• relative / absolute: Drop type, the accuracy drop should be relative or absolute to baseline

    • higher_is_better: Indicate if a larger value of metric means better accuracy

  • max_trials: Maximum trails on the search, if the algorithm can’t find a satisfying model, it will exit and raise the error.

Accuracy Control with INC There are a few arguments that require only by INC, and you should not specify or modify any of them if you use accelerator='openvino'.

  • tuning_strategy(optional): it specifies the algorithm to search the tuning space. In most cases, you don’t need to change it.

  • timeout: Timeout of your tuning. Defaults 0 means endless time for tuning.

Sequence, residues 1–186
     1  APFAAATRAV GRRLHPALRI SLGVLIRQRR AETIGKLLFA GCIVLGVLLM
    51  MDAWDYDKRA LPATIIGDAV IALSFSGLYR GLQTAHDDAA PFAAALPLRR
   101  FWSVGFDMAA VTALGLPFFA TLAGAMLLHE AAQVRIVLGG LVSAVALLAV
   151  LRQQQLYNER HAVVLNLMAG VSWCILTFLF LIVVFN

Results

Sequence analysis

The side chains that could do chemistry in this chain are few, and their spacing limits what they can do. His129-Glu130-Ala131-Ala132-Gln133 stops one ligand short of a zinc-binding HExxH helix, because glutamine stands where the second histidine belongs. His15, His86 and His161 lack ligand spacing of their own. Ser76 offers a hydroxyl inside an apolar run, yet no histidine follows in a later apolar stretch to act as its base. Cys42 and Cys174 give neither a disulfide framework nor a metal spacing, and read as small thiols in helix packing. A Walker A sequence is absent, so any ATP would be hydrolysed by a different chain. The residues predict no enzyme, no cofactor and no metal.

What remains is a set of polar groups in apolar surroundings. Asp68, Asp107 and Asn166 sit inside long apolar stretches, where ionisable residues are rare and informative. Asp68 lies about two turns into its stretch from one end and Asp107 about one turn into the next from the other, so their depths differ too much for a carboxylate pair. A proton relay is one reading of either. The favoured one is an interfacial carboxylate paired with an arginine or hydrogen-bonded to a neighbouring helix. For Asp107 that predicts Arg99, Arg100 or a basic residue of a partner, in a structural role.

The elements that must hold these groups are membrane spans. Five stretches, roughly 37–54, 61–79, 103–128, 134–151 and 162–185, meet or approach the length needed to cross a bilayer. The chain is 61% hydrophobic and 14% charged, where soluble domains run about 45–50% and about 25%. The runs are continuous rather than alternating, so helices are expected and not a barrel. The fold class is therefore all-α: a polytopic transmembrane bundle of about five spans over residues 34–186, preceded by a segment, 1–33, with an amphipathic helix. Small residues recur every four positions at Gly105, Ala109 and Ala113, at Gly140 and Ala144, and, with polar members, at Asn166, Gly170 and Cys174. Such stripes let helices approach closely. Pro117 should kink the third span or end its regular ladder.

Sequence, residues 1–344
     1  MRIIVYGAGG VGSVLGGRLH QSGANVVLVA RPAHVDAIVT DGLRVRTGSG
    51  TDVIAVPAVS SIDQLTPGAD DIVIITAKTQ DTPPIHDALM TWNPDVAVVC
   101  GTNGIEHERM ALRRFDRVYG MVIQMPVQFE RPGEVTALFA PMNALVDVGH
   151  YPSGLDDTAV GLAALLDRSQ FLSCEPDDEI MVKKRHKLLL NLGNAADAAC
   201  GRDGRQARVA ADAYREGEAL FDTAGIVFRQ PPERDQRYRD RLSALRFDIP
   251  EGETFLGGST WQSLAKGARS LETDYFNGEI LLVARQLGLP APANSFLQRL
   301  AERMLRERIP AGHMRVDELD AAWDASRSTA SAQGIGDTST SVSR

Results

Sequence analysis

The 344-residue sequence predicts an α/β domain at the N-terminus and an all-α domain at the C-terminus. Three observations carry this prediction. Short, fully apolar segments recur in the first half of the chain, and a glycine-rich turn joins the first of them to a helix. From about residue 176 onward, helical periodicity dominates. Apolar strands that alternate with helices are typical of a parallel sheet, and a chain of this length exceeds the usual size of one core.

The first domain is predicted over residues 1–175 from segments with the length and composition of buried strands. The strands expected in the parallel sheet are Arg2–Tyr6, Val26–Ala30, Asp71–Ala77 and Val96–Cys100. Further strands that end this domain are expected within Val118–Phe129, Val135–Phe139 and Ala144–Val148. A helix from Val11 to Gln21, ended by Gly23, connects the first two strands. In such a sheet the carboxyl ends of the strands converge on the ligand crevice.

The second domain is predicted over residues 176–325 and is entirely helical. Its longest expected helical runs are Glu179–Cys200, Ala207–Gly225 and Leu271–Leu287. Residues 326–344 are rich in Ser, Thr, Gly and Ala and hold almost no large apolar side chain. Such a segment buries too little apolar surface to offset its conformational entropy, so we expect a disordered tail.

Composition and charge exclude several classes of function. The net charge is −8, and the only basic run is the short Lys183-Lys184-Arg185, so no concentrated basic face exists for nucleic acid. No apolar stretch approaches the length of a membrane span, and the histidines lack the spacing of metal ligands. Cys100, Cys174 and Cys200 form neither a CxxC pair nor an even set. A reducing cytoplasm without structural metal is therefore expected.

Here is an example to use INC with accuracy control as below. It will search for a model within 1% accuracy drop with 10 trials.

from torchmetrics.classification import Accuracy
trainer.quantize(model,
                 precision='int8',
                 accelerator=None,
                 calib_dataloader= dataloader,
                 metric=Accuracy()
                 accuracy_criterion={'relative': 0.01, 'higher_is_better': True},
                 approach='static',
                 method='fx',
                 tuning_strategy='bayesian',
                 timeout=0,
                 max_trials=10,
                ):

Accuracy Control with POT Similar to INC, we can run quantization like:

from torchmetrics.classification import Accuracy
trainer.quantize(model,
                 precision='int8',
                 accelerator=`openvino`,
                 calib_dataloader= dataloader,
                 metric=Accuracy()
                 accuracy_criterion={'relative': 0.01, 'higher_is_better': True},
                 approach='static',
                 max_trials=10,
                ):